Teaching profession celebrated at Downing Street


One hundred teachers were welcomed to Downing Street as a celebration of the hard work and dedication of the profession.

Prime Minister Theresa May and Education Secretary Damian Hinds were present at the event on Monday 21 May, and they were joined by teachers from all over the country.

Both Mrs May and Mr Hinds praised the teaching profession and suggested that standards have improved significantly since 2010.

They pointed to an additional 15,500 teachers being in employment in that period and highlighted that 20% of new teachers have a first-class degree.

Mrs May said she was delighted to welcome the teachers to Downing Street to celebrate the “vital work” and achievements of the teaching profession.

“We know that the success of every young person, in whatever they go on to do in life, is shaped by the education they receive at school,” she explained.

“Teachers are key to making Britain the great meritocracy it can and should be, and I am committed to working with them so that every child has the best possible start in life.”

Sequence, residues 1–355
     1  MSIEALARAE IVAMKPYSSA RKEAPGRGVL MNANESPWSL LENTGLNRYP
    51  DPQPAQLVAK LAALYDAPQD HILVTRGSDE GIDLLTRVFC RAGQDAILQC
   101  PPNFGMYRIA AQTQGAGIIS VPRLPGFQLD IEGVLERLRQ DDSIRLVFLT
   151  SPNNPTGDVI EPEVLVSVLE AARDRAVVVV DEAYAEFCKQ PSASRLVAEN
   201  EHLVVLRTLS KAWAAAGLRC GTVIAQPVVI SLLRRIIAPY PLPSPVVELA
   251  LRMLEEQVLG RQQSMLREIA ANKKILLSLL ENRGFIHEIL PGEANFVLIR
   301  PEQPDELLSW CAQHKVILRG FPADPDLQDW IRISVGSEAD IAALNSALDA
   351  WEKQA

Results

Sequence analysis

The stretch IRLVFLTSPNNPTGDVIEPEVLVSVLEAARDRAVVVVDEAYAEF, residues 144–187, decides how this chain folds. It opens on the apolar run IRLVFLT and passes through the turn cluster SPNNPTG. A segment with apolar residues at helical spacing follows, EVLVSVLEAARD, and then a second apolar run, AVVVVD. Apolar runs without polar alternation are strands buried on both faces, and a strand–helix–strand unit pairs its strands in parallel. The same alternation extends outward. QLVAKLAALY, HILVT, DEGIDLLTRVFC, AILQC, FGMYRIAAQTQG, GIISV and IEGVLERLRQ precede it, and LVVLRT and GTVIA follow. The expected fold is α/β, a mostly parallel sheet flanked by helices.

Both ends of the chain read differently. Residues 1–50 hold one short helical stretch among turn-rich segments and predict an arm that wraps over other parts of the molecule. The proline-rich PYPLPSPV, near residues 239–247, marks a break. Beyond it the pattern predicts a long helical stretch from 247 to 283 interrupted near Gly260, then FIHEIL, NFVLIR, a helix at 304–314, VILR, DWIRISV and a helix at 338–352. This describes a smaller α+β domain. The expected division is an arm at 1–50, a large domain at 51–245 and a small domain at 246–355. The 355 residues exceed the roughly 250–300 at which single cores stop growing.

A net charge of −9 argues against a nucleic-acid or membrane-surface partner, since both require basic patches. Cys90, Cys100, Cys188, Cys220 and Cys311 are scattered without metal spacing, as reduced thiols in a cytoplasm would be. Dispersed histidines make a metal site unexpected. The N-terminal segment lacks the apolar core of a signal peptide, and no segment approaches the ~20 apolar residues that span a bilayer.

Her views were echoed by Mr Hinds, who spoke of the importance of having inspirational teachers in the classroom.

“There are no great schools without great teachers and the reception is a small recognition of the incredible dedication and hard work we see day in, day out, across the teaching profession,” he said.

The Education Secretary has unveiled plans to ensure that teaching remains an attractive profession, having already pledged greater support at the National Association of Head Teachers’ annual conference earlier in May.

That included a £5 million funding pot that would enable teachers to have greater flexibility by allowing them to take a sabbatical away from the profession.

Part of his speech also focused on recruitment and retention, including how to provide development opportunities for newly qualified teachers.